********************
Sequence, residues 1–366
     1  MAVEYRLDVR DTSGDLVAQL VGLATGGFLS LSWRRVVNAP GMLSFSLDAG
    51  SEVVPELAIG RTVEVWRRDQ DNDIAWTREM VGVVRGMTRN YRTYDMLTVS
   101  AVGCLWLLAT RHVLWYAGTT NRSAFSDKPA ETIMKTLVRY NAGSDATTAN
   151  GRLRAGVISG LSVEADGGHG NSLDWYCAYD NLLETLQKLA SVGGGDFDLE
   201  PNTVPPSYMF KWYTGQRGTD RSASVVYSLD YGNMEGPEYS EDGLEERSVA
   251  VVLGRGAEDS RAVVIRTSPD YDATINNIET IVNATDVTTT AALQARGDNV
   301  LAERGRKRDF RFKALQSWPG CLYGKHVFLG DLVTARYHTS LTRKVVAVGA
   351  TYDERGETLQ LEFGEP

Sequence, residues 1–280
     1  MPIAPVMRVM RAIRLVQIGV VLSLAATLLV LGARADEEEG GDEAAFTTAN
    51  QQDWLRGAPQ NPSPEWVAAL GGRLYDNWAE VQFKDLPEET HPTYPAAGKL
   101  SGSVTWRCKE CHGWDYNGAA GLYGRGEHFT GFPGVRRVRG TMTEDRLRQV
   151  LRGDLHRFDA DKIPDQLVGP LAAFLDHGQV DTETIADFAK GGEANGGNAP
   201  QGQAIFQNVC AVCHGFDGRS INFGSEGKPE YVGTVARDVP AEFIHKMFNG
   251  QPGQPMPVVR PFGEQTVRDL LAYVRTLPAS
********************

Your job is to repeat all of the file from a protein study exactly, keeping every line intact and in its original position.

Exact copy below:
Sequence, residues 1–366
     1  MAVEYRLDVR DTSGDLVAQL VGLATGGFLS LSWRRVVNAP GMLSFSLDAG
    51  SEVVPELAIG RTVEVWRRDQ DNDIAWTREM VGVVRGMTRN YRTYDMLTVS
   101  AVGCLWLLAT RHVLWYAGTT NRSAFSDKPA ETIMKTLVRY NAGSDATTAN
   151  GRLRAGVISG LSVEADGGHG NSLDWYCAYD NLLETLQKLA SVGGGDFDLE
   201  PNTVPPSYMF KWYTGQRGTD RSASVVYSLD YGNMEGPEYS EDGLEERSVA
   251  VVLGRGAEDS RAVVIRTSPD YDATINNIET IVNATDVTTT AALQARGDNV
   301  LAERGRKRDF RFKALQSWPG CLYGKHVFLG DLVTARYHTS LTRKVVAVGA
   351  TYDERGETLQ LEFGEP

Sequence, residues 1–280
     1  MPIAPVMRVM RAIRLVQIGV VLSLAATLLV LGARADEEEG GDEAAFTTAN
    51  QQDWLRGAPQ NPSPEWVAAL GGRLYDNWAE VQFKDLPEET HPTYPAAGKL
   101  SGSVTWRCKE CHGWDYNGAA GLYGRGEHFT GFPGVRRVRG TMTEDRLRQV
   151  LRGDLHRFDA DKIPDQLVGP LAAFLDHGQV DTETIADFAK GGEANGGNAP
   201  QGQAIFQNVC AVCHGFDGRS INFGSEGKPE YVGTVARDVP AEFIHKMFNG
   251  QPGQPMPVVR PFGEQTVRDL LAYVRTLPAS